The sympathetic nervous system modulates cardiac function by controlling key parameters such as chronotropy and inotropy. Sympathetic control of ventricular function occurs through extrinsic innervation arising from the stellate ganglia and thoracic sympathetic chain. In the healthy heart, sympathetic release of norepinephrine (NE) results in positive modulation of chronotropy, inotropy, and dromotropy, significantly increasing cardiac output. While norepinephrine (NE) is the primary neurotransmitter for these projections, neuropeptide Y (NPY) is an abundant cardiac co-transmitter. NPY plays a vital role in homeostatic processes such as angiogenesis, vasoconstriction, and cardiac remodeling. Elevated sympathetic stress, resulting in increased release of NE and NPY, has been implicated in the pathogenesis of several cardiovascular disorders including hypertension, myocardial infarction, heart failure and arrhythmias, which may result in sudden cardiac death. Methodologies for detection of NE and NPY in cardiac tissue are limited. Present techniques rely on microdialysis for analysis by high-performance liquid chromatography coupled to electrochemical detection (HPLC-ED), radioimmunoassay, or other immunoassays, such as enzyme-linked immunosorbent assay (ELISA). Although significant information about the release and action of NE and NPY has been obtained with these methodologies, they are limited in temporal resolution, require large sample volumes, and provide results with a significant delay after sample collection (hours to weeks). We have an active collaboration with the UCLA Cardiac Arrhythmia Center to develop and deploy novel approaches for measurement of interstitial cardiac norepinephrine, NPYU and other peptide transmitters, using minimally invasive, electrochemical approaches applied in a beating porcine heart. With these new tools, we have collected the first multispatial and high temporal resolution, multichannel in vivo measurements of NE, NPY and other peptide transmitters both in the myocardium and vascular space.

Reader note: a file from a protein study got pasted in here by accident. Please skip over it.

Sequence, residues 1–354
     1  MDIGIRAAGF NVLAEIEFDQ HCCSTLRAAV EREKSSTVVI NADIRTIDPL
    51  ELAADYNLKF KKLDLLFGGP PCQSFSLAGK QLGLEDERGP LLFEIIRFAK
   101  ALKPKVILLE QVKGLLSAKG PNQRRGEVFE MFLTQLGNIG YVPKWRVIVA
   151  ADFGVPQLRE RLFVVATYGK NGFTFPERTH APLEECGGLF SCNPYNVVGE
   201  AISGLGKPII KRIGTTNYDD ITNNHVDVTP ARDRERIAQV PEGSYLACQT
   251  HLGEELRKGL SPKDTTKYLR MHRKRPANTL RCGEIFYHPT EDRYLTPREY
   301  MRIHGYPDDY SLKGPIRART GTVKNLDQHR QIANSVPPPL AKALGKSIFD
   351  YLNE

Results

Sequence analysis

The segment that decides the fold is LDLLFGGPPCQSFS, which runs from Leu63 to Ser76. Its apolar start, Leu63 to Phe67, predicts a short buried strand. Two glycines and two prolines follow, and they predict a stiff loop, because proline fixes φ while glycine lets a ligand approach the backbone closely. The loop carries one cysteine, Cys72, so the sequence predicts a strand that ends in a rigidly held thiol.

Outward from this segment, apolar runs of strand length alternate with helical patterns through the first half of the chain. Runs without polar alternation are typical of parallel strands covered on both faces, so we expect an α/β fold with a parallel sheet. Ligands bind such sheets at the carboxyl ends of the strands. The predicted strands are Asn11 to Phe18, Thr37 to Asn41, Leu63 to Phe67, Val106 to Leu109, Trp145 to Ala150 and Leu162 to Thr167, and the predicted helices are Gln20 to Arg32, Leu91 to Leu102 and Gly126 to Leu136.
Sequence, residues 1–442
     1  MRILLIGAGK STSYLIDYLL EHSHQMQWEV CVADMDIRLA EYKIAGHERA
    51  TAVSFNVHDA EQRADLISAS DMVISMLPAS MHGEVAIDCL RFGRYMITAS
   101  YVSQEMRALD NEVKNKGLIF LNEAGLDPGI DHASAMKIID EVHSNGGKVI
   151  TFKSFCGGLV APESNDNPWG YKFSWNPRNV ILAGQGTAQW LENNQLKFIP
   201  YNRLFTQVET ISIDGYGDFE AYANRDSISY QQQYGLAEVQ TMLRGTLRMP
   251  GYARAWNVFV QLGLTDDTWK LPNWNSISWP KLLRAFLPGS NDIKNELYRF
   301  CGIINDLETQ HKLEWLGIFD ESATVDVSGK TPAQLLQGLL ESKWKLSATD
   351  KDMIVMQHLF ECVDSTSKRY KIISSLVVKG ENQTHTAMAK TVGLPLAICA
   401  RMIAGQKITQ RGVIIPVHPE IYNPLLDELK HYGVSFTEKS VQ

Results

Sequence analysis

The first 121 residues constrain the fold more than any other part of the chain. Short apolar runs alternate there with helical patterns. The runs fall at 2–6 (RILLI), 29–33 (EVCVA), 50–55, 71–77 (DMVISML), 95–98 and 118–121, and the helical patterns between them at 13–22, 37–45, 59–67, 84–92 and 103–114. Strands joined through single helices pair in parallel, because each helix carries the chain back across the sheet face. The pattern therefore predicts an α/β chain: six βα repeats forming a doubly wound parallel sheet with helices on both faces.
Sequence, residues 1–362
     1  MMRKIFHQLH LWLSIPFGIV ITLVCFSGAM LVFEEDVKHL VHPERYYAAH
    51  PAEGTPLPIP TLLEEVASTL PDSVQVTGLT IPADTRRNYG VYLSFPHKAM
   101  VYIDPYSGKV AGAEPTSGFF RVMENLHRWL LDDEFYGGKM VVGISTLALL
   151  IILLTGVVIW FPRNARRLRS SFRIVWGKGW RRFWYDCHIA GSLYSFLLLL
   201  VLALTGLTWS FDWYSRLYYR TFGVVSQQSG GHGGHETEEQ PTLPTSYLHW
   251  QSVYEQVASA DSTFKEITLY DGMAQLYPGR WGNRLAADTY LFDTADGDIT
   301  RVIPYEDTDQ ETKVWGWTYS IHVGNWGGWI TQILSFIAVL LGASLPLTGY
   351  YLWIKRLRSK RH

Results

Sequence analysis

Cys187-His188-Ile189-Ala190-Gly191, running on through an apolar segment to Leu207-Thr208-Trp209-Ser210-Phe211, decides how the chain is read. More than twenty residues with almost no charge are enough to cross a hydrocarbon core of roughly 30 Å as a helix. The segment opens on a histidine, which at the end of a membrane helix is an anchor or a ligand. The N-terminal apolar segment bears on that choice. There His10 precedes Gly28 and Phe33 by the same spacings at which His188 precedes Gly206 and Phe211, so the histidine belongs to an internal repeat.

3. Activity-dependent release of adrenal peptide stress hormones.